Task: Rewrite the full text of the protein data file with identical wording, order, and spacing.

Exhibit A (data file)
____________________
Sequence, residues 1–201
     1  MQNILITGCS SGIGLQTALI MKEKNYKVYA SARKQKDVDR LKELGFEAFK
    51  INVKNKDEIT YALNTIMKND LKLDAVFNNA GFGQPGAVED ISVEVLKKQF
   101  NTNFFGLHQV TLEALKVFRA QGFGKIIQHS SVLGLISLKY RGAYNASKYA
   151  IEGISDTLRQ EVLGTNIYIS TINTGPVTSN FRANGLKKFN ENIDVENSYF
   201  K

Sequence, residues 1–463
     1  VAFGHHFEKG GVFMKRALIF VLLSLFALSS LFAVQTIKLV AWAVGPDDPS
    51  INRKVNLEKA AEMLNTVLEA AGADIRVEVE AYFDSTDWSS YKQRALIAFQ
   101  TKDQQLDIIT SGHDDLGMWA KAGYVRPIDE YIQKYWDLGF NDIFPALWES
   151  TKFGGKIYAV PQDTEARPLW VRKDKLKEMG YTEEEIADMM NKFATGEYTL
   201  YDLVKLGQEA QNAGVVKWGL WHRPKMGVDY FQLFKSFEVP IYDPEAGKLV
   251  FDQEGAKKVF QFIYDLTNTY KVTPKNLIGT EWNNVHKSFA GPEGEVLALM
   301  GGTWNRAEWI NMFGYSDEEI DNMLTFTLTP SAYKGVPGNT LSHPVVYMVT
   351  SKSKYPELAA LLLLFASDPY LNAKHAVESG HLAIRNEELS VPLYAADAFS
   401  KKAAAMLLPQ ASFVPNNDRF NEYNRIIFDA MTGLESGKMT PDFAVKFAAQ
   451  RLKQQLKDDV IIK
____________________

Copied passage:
Sequence, residues 1–201
     1  MQNILITGCS SGIGLQTALI MKEKNYKVYA SARKQKDVDR LKELGFEAFK
    51  INVKNKDEIT YALNTIMKND LKLDAVFNNA GFGQPGAVED ISVEVLKKQF
   101  NTNFFGLHQV TLEALKVFRA QGFGKIIQHS SVLGLISLKY RGAYNASKYA
   151  IEGISDTLRQ EVLGTNIYIS TINTGPVTSN FRANGLKKFN ENIDVENSYF
   201  K

Sequence, residues 1–463
     1  VAFGHHFEKG GVFMKRALIF VLLSLFALSS LFAVQTIKLV AWAVGPDDPS
    51  INRKVNLEKA AEMLNTVLEA AGADIRVEVE AYFDSTDWSS YKQRALIAFQ
   101  TKDQQLDIIT SGHDDLGMWA KAGYVRPIDE YIQKYWDLGF NDIFPALWES
   151  TKFGGKIYAV PQDTEARPLW VRKDKLKEMG YTEEEIADMM NKFATGEYTL
   201  YDLVKLGQEA QNAGVVKWGL WHRPKMGVDY FQLFKSFEVP IYDPEAGKLV
   251  FDQEGAKKVF QFIYDLTNTY KVTPKNLIGT EWNNVHKSFA GPEGEVLALM
   301  GGTWNRAEWI NMFGYSDEEI DNMLTFTLTP SAYKGVPGNT LSHPVVYMVT
   351  SKSKYPELAA LLLLFASDPY LNAKHAVESG HLAIRNEELS VPLYAADAFS
   401  KKAAAMLLPQ ASFVPNNDRF NEYNRIIFDA MTGLESGKMT PDFAVKFAAQ
   451  RLKQQLKDDV IIK